Trends in the Use of Computerized Physician Order Entry by Health-System Affiliated Ambulatory Clinics in the United States, 2014–2016

Published in: BMC Health Services Research, Volume 20, Article number 836 (2020). doi: 10.1186/s12913-020-05679-4

Posted on RAND.org on September 11, 2020

by Shira H. Fischer, Robert S. Rudin, Yunfeng Shi, Paul G. Shekelle, Alejandro Amill-Rosario, Dennis P. Scanlon, Cheryl L. Damberg

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Background

Computerized provider order entry (CPOE) can help providers deliver better quality care. We aimed to understand recent trends in use of CPOE by health system-affiliated ambulatory clinics.

Methods

We analyzed longitudinal data (2014–2016) for 19,109 ambulatory clinics that participated in all 3 years of the Healthcare Information and Management Systems Society Analytics survey to assess use of CPOE and identify characteristics of clinics associated with CPOE use.

We calculated descriptive statistics to examine overall trends in use, location of order entry (bedside vs. clinical station), and system-level use CPOE across all clinics. We used linear probability models to explore the association between clinic characteristics (practice size, practice type, and health system type) and two outcomes of interest: CPOE use at any point between 2014 and 2016, and CPOE use beginning in 2015 or 2016.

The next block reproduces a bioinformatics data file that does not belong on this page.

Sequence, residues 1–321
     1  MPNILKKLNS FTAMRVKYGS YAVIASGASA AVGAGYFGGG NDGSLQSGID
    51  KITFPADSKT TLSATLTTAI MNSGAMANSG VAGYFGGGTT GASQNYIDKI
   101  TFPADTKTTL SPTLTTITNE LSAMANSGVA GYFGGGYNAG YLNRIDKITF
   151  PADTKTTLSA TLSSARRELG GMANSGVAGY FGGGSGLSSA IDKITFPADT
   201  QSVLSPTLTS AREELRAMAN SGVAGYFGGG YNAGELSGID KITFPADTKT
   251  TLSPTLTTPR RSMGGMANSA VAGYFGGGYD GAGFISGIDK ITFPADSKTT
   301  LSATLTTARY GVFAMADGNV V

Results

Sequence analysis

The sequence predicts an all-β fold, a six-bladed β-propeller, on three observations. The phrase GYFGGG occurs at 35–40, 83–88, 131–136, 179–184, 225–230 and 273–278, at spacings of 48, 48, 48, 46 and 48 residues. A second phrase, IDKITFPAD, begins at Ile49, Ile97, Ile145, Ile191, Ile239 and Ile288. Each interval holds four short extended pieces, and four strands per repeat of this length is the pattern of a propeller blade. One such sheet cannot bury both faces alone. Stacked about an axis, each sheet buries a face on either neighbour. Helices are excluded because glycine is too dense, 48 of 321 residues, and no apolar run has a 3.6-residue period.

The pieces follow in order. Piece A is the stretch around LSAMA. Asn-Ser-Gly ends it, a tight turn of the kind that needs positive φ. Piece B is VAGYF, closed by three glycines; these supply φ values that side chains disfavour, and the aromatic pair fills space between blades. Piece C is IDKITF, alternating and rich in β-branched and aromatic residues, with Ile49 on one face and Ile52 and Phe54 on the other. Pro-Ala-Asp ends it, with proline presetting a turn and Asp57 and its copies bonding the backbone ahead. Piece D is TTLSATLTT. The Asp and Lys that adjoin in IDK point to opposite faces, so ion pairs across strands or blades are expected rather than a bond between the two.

Results

Between 2014 and 2016, use of CPOE increased more than 9 percentage points from 58 to 67%. Larger clinics and those affiliated with multi-hospital health systems were more likely to have reported use of CPOE. We found no difference in CPOE use by primary care versus specialty care clinics. When used, most clinics reported using CPOE for most or all of their orders. Health systems that used CPOE usually did so for all system-affiliated clinics.

Conclusions

Small practice size or not being part of a multi-hospital system are associated with lower use of CPOE between 2014 and 2016. Less than optimal use in these environments may be harming patient outcomes.

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